Sherrod Brown & Ohio: Succumbing to Passion


Senator Sherrod Brown (Joshua Roberts/Reuters)

This morning, Ohio senator Sherrod Brown tweeted the following:

This is, at best, a tendentious reading of events. Facts have emerged about the police encounter Brown is referencing that complicate this simple narrative. For one, Bryant was armed and in the middle of an attempt to stab another person when shot by police. But Brown, the media, and other interested parties are ignoring such facts in service of their preferred narrative.

For these latter groups, one can at least understand what they are doing, while also disdaining it, as I do: They are trying to connect two isolated events that occurred hundreds of miles apart and lump them into the same ineffable category of systemic racism, regardless of the details involved. This conditions the same kind of national-level groupthink that has made Minneapolis the center of attention for almost a year now to direct its gaze to the next item of controversy, an unceasing search made necessary by an inexhaustible ideology.

But why is Sherrod Brown playing along? The man is a senator representing the state of Ohio (where I am from, and of which I remain fond). It is unseemly for such an individual to reflexively and thoughtlessly join a mob of people who will now undoubtedly use this incident to castigate unfairly the state he represents. In doing so, he does not merely render a disservice to Ohioans, but also violates one of the Senate’s original purposes. The Senate was designed from the start to act as a refining agent of popular passion, not an agitator thereof. From Federalist No. 63, which advocated the utility of the proposed body as part of The Federalist Papers‘ broader case for ratifying the Constitution:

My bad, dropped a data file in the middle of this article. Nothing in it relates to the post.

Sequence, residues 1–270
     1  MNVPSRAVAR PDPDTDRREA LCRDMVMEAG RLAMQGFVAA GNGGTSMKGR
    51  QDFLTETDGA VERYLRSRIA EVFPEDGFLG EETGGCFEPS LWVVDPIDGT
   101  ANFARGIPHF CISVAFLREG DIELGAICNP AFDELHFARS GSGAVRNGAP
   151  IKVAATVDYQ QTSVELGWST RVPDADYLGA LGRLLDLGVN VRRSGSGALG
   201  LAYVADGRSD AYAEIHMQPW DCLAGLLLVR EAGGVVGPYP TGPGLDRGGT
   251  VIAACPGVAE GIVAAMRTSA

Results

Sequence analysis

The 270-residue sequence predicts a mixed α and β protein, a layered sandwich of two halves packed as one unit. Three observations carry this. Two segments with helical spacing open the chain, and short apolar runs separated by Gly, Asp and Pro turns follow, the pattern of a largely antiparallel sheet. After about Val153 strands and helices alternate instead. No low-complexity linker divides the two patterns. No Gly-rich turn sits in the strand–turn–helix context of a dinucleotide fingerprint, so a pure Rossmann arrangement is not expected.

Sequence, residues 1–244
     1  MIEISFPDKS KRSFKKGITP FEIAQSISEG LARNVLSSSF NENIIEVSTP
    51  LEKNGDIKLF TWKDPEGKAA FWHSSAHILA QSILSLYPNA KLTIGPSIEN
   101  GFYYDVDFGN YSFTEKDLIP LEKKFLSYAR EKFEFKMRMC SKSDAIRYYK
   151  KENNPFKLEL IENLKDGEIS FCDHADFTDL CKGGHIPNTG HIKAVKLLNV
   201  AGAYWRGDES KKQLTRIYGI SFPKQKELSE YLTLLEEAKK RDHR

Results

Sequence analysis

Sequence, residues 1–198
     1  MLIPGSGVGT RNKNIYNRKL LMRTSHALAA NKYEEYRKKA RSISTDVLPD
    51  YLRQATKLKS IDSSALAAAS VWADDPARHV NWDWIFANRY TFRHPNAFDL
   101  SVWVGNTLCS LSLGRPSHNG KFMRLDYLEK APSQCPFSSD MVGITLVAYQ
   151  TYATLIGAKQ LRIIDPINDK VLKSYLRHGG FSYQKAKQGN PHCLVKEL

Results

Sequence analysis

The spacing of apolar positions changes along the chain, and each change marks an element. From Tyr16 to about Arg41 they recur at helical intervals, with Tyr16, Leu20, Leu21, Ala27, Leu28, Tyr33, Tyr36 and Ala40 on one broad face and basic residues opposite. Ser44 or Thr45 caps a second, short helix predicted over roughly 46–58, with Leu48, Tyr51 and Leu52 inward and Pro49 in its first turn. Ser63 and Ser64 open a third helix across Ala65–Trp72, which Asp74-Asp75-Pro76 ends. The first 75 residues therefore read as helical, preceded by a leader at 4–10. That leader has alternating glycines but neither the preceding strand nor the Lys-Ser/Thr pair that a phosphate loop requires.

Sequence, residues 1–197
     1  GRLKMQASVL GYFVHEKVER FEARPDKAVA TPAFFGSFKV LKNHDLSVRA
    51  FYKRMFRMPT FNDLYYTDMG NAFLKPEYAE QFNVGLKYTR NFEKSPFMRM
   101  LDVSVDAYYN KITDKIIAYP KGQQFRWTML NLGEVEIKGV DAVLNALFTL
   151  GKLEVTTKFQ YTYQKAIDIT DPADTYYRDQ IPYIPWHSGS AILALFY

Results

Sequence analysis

Such an institution may be sometimes necessary as a defense to the people against their own temporary errors and delusions. As the cool and deliberate sense of the community ought, in all governments, and actually will, in all free governments, ultimately prevail over the views of its rulers; so there are particular moments in public affairs when the people, stimulated by some irregular passion, or some illicit advantage, or misled by the artful misrepresentations of interested men, may call for measures which they themselves will afterwards be the most ready to lament and condemn. In these critical moments, how salutary will be the interference of some temperate and respectable body of citizens, in order to check the misguided career, and to suspend the blow meditated by the people against themselves, until reason, justice, and truth can regain their authority over the public mind?

Brown would be well within his rights to represent the sorrow of the state that such an encounter occurred, to investigate it (which he apparently has not done), and to work to prevent such things from happening. And the tragedy of Ma’Khia Bryant’s death is not one to downplay. It must be understood correctly, however, and not yielded over thoughtlessly in service of ideology. Brown’s decision to abandon sober, particularistic advocacy for his state in favor of a national-inflected, convulsive passion that seeks to advance its preferred narrative irrespective of facts suggests that he does not seem interested in ensuring that “reason, justice, and truth can regain their authority over the public mind.” He would have been better off saying nothing at all. 

Jack Butler is submissions editor at National Review Online.





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